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-36significant others). The stages where benefits might be anticipated were (a) engaging in a learning activity, (b) retaining the knowledge or skill, (c) applying the knowledge, (d) gaining a material reward (e.g. promotion or raise), or (e) gaining a symbolic reward (e.g. credit or degree). Cross (1981, p. 122) acknowledged that Tough's model was fragmentary and incomplete; however, she saw Tough's work as providing useful information on the conscious forces involved in motivation for learning. Point C in Cross's model (importance of goals and expectation that participation will meet goals) actually included two different but interdependent constructs: goals and expectancy. Motivation is strong at point C only if the individual believes a goal important to him or her is likely to be achieved through participation in an educational activity. Motivation decreases accordingly as a goal is less important to the individual or if the likelihood of success is in doubt. The constitutive and operational definitions of each of these constructs are presented separately. Construct: goals Constitutive definition . A goal is an objective or end that one strives to attain. The goals of an individual are derived from his or her experienced needs. The dimension of personal need follows Maslow's hierarchy of need with major participation in professional development activities aiming at the satisfaction of lower need levels (survival, safety, and belonging) and tapering off at higher levels (recognition, achievement, and self-realization). Other forces which strongly affect goals are one's social class (adapted to academic

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-37social class), technological change, and assoclational structures. The importance of a goal to an individual is expressed as valence (an affective attitude toward the result of an action). If the individual prefers attaining the result, he or she has a positive valence. Indifference toward the result is neutral valence, and negative valence indicates the person prefers not to attain the result. Operational definition. For this study, a goal is a desirable educational objective for which the individual is willing to exert effort. The desired objective could be increased rank or recognition or acquiring a skill. Goals identified by the faculty member were categorized using Maslow's hierarchy of needs and faculty member's academic social class. Construct; expectancy Constitutive definition . Expectancy is defined as a multiplicative function of two components — the expectation by the individual that he or she could successfully complete an educational activity and the expectation that his or her participation in that activity would result in certain positive consequences, namely, the accomplishment of or major movement toward the accomplishment of a goal. Operational definition. In this study, expectancy is the confidence expressed by the faculty member that his or her participation in a professional development activity will assist with the achievement of a goal he or she has established. Expectancies were described in terms of their strength. Subjective certainty that participation would be followed by a positive outcome indicated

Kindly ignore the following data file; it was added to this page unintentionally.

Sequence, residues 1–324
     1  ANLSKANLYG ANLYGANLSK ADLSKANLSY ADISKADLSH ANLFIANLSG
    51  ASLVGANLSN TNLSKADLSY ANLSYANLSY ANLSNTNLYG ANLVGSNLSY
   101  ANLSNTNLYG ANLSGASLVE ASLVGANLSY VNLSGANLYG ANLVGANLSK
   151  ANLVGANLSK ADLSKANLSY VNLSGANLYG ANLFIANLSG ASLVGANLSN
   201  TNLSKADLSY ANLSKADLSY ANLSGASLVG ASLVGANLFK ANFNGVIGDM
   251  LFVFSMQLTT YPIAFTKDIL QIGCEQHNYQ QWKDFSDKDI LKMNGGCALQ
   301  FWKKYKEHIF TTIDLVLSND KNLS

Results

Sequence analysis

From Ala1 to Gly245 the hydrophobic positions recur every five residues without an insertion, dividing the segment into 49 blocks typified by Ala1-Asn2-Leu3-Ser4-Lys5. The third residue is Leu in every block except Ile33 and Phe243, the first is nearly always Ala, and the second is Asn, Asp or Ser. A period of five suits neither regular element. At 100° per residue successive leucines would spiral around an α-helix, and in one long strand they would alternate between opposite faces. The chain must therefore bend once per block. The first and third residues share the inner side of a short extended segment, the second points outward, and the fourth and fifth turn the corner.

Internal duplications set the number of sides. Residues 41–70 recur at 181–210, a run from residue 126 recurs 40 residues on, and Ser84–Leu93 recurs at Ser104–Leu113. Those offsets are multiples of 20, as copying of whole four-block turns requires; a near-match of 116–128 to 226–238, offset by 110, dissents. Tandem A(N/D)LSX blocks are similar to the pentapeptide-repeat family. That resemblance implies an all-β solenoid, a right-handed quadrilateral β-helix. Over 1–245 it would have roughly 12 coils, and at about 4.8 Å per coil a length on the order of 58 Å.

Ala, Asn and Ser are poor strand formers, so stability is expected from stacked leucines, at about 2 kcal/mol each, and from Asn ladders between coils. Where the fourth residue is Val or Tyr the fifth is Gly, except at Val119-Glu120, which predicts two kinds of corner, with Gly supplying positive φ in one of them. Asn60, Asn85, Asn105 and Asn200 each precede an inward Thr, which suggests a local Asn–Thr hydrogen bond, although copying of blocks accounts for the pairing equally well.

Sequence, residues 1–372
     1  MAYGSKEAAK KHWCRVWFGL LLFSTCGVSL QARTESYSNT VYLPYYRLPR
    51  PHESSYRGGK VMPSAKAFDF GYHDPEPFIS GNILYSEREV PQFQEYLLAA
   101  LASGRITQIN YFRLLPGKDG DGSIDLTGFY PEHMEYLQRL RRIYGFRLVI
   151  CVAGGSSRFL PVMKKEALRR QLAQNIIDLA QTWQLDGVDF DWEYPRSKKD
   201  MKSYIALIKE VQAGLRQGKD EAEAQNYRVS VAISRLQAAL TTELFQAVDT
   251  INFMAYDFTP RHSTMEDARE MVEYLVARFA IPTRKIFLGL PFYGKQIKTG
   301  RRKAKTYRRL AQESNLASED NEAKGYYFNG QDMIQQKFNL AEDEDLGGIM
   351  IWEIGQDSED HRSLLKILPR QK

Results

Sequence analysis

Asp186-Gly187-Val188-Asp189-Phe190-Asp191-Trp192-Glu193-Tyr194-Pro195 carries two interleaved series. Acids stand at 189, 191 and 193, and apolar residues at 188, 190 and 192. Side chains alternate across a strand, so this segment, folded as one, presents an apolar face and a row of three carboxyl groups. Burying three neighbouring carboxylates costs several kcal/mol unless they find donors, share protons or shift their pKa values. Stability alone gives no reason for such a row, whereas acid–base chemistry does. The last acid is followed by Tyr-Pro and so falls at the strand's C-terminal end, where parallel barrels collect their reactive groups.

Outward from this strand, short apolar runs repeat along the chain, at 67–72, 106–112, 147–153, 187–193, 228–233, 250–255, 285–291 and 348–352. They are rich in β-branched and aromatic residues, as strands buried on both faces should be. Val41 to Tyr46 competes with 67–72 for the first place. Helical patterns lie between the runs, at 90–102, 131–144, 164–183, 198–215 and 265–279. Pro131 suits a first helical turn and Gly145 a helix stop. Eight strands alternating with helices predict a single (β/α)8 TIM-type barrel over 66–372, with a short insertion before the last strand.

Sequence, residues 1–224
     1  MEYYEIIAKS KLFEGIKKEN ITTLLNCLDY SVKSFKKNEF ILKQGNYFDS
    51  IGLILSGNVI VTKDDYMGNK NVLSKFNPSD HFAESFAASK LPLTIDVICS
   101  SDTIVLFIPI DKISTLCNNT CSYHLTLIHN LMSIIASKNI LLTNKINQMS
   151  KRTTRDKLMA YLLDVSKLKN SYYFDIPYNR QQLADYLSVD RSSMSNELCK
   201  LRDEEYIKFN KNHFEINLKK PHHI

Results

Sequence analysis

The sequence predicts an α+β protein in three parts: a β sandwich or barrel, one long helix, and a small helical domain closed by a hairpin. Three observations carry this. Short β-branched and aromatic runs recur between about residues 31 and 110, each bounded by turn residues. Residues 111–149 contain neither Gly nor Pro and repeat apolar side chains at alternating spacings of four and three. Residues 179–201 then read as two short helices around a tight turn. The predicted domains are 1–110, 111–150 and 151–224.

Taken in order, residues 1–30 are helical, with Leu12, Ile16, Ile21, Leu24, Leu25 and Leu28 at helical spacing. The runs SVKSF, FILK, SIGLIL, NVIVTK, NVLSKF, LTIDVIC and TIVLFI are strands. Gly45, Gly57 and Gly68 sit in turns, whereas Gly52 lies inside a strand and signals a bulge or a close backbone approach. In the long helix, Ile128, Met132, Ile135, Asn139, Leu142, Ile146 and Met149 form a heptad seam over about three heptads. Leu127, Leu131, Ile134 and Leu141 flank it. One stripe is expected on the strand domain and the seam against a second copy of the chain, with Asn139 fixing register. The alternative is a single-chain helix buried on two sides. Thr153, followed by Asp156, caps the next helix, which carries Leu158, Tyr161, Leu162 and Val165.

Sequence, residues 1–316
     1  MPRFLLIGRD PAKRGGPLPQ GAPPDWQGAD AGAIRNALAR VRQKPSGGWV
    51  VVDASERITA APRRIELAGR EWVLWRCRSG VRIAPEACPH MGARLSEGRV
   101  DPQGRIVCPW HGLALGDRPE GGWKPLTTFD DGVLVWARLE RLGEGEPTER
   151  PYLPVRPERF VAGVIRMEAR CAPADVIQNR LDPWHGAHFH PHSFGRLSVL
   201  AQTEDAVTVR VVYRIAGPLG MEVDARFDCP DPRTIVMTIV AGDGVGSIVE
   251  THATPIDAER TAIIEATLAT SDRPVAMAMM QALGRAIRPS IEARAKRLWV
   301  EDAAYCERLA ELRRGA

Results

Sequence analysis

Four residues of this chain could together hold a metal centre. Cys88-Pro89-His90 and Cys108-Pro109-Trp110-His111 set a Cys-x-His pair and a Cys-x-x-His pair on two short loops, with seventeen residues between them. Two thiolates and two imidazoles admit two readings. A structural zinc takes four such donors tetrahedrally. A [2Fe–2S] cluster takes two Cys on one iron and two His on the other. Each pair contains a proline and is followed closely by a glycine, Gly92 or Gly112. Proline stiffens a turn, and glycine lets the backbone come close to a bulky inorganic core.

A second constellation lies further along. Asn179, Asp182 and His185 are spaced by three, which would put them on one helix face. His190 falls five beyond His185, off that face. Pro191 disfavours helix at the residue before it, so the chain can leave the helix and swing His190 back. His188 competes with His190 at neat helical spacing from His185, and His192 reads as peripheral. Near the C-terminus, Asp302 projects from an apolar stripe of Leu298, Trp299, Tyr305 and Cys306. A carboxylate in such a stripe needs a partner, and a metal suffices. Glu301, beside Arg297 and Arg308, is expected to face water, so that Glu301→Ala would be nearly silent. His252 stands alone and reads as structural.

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-38maximal strength while subjective certainty that participation would not be followed by a positive outcome indicated minimal (or zero) strength. To determine the faculty members' expectations of successful participation, statements concerning their preparedness for the activity and concerning their perception of control of their current situation (hierarchic structure) were categorized. Statements concerning "deficiency" or "growth" motivation for participation were used to identify self /other incongruence and thus non-participation. Indicators that the faculty members expected desirable consequences included (in addition to a straightforward statement concerning consequences) statements about the members' current situation (hierarchic structure), values of the member and reference groups, and knowledge of professional development activity possibilities. Life Transitions Cross (1981) when describing point D of her COR Model, life transitions, presented two rather different streams of research and theory: phases of the life cycle and developmental stages of growth and maturity. Life phases she described as qualitatively different periods through which people pass from birth to death. These phases were usually related to age and changing social expectations and could be viewed as a horizontal progression through life situations. Developmental stages, however, referred to an adult's continuous flow toward growth and maturity and involved vertical progression from simple to complex capacities.